Something doesn’t add up in Glenville supervisor’s office
Just checking to make sure I have the timeline right:
1) Chris Koetzle chose to run for the part-time position of Glenville supervisor in 2009.
2) Upon being elected, he discovered he was required to do more work in that position than he expected. This work was alleviated by having help in the form of Jamie McFarland, director of operations.
3) For most of his term, Mr. Koetzle said he felt the position should be full-time.
4) In early November 2013, Mr. Koetzle ran for reelection as part-time supervisor, and won.
5) Days later Jamie McFarland, wanting to spend more time with his family, decided to retire. Mr. McFarland’s previous duties were spread to various departments.
6) In mid-November, the all-Republican Town Board decided to create the position of full-time supervisor with no public comment. Due to the attention this brought, a public meeting was held.
7) After public comment, on Dec. 18, the Town Board decided to make the supervisor position full-time, with a substantial increase in salary.
8) In early January, the now full-time supervisor Koetzle decided he needed additional help and asked the Town Board to rehire the retired McFarland as deputy supervisor, salary to be determined.
9) On Jan. 8, the deputy supervisor position and duties were to be voted on.
It appears that in two short months, Glenville has gone from having a part-time supervisor to having a full-time supervisor and a deputy supervisor in addition.
Elaine J. Neumann
SAFE Act was misdirected political response by state
Re Charles Rielly’s Jan. 3 letter, which supports the “SAFE Act” and takes to task both the NRA [National Rifle Association] and Gazette outdoor columnist Ed Noonan as being narrow of vision for opposing it:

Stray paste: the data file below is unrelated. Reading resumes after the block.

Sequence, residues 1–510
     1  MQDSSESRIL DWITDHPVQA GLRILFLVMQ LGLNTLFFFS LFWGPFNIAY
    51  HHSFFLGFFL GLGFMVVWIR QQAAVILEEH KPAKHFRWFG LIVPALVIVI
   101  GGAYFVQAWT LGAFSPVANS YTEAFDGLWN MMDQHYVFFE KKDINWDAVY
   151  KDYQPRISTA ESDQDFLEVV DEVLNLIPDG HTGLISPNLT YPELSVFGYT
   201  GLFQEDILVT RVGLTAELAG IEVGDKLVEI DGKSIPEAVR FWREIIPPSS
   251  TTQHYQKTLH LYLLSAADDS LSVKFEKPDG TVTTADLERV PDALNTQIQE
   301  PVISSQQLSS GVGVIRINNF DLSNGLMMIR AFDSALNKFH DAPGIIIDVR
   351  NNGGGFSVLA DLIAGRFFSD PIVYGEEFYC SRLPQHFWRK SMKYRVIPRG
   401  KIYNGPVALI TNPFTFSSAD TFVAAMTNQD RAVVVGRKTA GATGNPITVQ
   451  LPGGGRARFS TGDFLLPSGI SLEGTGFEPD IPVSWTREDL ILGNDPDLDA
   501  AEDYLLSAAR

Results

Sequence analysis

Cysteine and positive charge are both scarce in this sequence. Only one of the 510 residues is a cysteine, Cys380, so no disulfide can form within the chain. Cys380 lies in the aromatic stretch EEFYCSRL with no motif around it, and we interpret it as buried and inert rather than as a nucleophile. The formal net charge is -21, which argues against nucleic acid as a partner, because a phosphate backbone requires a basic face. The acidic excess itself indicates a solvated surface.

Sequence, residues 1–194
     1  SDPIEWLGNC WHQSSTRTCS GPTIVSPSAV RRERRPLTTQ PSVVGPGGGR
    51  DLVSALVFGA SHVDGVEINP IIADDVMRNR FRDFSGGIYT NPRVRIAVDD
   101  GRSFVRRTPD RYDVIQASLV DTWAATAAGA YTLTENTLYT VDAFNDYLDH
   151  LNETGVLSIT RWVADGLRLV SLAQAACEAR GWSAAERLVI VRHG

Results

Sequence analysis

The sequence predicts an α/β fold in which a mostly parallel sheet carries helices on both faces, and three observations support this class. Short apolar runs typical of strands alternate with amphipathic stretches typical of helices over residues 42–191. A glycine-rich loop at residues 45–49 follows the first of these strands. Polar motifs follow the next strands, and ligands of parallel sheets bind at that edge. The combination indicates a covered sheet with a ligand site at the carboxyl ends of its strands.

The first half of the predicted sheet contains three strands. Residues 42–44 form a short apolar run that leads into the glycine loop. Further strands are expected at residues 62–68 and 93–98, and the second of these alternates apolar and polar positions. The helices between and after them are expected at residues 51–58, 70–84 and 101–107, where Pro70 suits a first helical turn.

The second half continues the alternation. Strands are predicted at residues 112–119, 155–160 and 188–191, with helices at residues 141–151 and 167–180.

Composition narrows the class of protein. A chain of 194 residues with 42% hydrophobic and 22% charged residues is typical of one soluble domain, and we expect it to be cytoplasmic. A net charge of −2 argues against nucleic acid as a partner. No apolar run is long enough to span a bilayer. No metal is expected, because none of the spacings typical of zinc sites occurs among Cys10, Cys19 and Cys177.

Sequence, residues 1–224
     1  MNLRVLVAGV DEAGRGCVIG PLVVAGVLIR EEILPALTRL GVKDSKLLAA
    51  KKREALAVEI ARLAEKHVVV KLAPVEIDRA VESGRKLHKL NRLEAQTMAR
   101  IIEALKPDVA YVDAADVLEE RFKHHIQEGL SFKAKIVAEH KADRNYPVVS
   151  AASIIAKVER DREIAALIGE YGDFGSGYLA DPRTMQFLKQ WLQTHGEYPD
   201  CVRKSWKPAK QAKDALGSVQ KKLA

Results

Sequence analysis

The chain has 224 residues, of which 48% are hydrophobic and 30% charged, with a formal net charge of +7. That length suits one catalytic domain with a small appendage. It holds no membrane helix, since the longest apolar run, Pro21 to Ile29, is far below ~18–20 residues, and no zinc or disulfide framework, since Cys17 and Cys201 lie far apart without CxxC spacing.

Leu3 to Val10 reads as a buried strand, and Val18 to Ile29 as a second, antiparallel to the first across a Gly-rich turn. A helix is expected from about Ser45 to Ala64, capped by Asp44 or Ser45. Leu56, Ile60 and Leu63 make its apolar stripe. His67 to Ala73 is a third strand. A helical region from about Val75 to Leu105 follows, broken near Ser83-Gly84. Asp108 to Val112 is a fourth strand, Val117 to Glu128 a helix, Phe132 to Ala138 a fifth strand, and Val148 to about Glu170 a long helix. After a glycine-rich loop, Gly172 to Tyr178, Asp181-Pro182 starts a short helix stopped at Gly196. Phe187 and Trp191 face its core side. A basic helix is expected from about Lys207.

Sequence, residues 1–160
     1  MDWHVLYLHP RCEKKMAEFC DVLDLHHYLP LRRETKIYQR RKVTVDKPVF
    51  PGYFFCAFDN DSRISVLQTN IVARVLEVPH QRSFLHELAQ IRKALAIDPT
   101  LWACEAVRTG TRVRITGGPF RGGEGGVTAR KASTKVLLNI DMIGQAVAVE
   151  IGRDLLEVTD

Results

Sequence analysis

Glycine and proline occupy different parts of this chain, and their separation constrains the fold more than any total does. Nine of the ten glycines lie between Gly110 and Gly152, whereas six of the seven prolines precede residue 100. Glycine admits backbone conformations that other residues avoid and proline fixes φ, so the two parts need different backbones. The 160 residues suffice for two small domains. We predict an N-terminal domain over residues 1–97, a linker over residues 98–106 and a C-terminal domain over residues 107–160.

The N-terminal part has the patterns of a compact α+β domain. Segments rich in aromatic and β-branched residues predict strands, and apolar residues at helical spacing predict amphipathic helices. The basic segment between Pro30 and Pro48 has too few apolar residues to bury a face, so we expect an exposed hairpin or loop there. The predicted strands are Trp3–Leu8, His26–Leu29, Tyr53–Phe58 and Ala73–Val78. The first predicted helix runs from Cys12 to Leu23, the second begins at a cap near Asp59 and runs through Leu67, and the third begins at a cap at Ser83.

I would submit it is Mr. Rielly’s vision that fails to see the “SAFE Act” is not about safety, but a longstanding political agenda that seeks to control guns. Had the SAFE Act been a law in Newtown, Conn., last year, it would not have prevented the tragic shootings that happened there; nor would it have prevented the shootings in Colorado.
Those were carried out by insane people, bent on killing by whatever means. Therein lies the reason the SAFE Act is but an irresponsible attempt by politically driven lawmakers to simply pass a law, any law, that creates the impression that this problem is now fixed. This law was passed overnight and without the normal safeguards of legislating laws.
Mr. Rielly seems to have no problem giving up some of his rights, freedoms and his ability to easily protect himself and others from violence. It has been one year since he willingly gave up those freedoms. The question that must be asked is: For what?
Did gun-related crime go down? Are we as a society any safer from gun violence? Are there fewer guns on the streets, available to those who would use them in a crime? Most importantly, are there adequate mechanisms now in place due to that law, that will identify/prevent the criminally insane from killing others? Background checks in many cases have failed to do this.
All the answers, sadly, are no. Which renders the “SAFE Act” an ineffective cop-out by those of both parties who voted for this travesty!
Don’t trumpet state’s long-delayed storm plan
Re Jan. 8 article: “Biden hails storm plan”: What kind of garbage are you trying to shove down my throat? Your front page has a photo of the vice president [Joe Biden] shaking hands with our governor. Why?
These men are elected leaders, leaders who were briefed years ago of the dangers facing New York. They did nothing. They waited until people died, just like Saratoga did [with the homeless woman who froze to death].
Where is the vision in their leadership?
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